Pauline Ginn, aged 55, of Bolton, in Lancashire, didn’t have to wait long for her heart and double lung transplant – she was put on the waiting list in January 2015 and underwent the life-changing surgery in April. It was a good job though, as she was in urgent need. Here Pauline tells us how an early match probably saved her life.

“When I was having the transplant assessment in January, I felt alright really; quite well. And as I went through the process, I had it in mind that a transplant was something that might happen to me in future, in ten years or so. I had no idea just how quickly my condition was going to deteriorate to a crisis point and that I’d need a transplant within weeks. Or that I’d get one!

I was born with a hole in my heart but doctors had thought it would close itself in time and it wasn’t until I had a check-up when I was 23 years old that they discovered the hole had grown with me. The doctors said that I would not see 30 unless I had open heart surgery, which I did. Meanwhile my PH had got progressively worse as the hole was in the left ventricle, and the right ventricle was having to cope with all the work. The cardiac consultants at Wythenshawe Hospital referred me to the Royal Hallamshire in Sheffield when I was 42 years old and Dr Kiely confirmed my PH diagnosis. I was Dr Kiely’s 100th patient! I know he has seen hundreds now.

After years of colds turning to pneumonia, and putting me on every PH treatment and IV therapy going, I was put on the list for a transplant last year.

It was shortly after that, that I got a severe chest infection, was rushed to intensive care and spent three months at the Royal Hallamshire, often in high dependency care. I was so weak. I had two pints of fluid removed from my body and another one and half pints from my left lung. I’d lost so much weight I was reduced to five and half stone. I did look poorly, I was blue. They were really worried about me.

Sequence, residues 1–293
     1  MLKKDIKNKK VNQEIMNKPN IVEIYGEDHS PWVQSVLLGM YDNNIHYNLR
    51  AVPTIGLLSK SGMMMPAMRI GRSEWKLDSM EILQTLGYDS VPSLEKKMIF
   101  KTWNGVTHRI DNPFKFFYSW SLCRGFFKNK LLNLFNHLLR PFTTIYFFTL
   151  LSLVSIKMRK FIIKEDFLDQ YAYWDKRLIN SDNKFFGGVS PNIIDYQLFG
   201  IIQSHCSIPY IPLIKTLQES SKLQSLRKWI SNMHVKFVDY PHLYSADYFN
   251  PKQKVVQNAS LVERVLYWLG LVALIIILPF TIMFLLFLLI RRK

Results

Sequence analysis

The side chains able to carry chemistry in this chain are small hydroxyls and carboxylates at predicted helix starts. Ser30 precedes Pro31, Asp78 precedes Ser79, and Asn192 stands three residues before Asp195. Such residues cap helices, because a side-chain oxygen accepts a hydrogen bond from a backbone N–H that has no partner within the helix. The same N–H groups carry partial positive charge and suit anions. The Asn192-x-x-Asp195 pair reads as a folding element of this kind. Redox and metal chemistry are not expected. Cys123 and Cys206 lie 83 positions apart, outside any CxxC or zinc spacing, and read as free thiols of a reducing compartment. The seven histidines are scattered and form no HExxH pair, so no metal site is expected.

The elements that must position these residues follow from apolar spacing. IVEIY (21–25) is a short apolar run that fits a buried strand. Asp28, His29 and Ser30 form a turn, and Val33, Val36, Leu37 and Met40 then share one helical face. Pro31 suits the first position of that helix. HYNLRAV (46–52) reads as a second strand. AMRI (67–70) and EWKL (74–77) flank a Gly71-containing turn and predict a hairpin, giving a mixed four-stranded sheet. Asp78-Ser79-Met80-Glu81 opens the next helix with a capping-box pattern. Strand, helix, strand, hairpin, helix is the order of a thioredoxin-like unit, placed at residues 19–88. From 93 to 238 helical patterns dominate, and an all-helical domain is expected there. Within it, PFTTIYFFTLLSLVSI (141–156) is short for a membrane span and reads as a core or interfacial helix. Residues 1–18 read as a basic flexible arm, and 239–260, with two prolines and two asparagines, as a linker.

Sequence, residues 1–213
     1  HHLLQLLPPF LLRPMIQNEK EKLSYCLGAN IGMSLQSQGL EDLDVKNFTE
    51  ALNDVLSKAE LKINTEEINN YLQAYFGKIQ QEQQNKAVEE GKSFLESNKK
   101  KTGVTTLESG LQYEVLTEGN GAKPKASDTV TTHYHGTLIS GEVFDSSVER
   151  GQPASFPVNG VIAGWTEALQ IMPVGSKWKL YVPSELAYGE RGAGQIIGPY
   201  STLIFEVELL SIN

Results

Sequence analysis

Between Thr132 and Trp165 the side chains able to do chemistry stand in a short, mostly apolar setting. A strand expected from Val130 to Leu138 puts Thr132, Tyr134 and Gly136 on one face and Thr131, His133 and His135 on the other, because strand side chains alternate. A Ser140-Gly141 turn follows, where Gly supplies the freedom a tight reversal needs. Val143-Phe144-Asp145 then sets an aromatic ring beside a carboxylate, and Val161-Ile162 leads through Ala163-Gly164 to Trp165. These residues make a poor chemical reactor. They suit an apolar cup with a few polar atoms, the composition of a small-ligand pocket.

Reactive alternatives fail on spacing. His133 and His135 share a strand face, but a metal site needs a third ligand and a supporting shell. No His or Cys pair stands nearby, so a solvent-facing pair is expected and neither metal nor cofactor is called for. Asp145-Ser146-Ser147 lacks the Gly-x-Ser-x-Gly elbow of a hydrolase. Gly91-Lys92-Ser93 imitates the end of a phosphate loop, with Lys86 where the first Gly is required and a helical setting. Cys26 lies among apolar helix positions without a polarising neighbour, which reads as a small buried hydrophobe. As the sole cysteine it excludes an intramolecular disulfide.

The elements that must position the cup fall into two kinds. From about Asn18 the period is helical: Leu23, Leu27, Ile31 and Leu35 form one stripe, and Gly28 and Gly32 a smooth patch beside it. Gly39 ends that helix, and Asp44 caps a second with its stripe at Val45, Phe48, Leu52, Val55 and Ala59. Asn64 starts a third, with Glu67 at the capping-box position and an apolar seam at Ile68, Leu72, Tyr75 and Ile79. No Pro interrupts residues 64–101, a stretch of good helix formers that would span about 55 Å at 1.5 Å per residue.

Eventually I was sent home on 24 hour oxygen and was in quite a bad state. Just three weeks later I got the call that a ‘package’ of heart and lungs had been donated that were a perfect match for me. I couldn’t believe it. But one thing was for sure, the transplant was a necessity. It had to be done.

My consultant surgeon at Wythenshawe Hospital was Dr Venkateswararn and he is such a lovely man. I give him a hug and kiss every time I see him. I was his first heart and double lung transplant – but it didn’t tell me that until afterwards! He’d observed five operations before tackling me and he hopes to carry out many more up here in the north in future. He has already carried one more since mine.

Pauline with Dr Venkateswararn

I was in theatre for ten and a half hours and then in intensive care for five weeks and on the rehab ward for two weeks, but it has all turned out well. I am here with my family. That is the main thing. I’m not sure I would be otherwise. I was so very ill before and my lungs were in a terrible state.

Pauline and family celebrating one year after transplant

We’ve had our first holiday in ten years in Spain this summer and I am so grateful to everyone – the donor and their family and all the medical staff – for this second life. One of the weirdest things is how much I miss everyone at the Royal Hallamshire Hospital as I don’t have to go now! Part of rebuilding your life after such a dramatic operation is adjusting to all the changes like that, which you just don’t think about beforehand. ”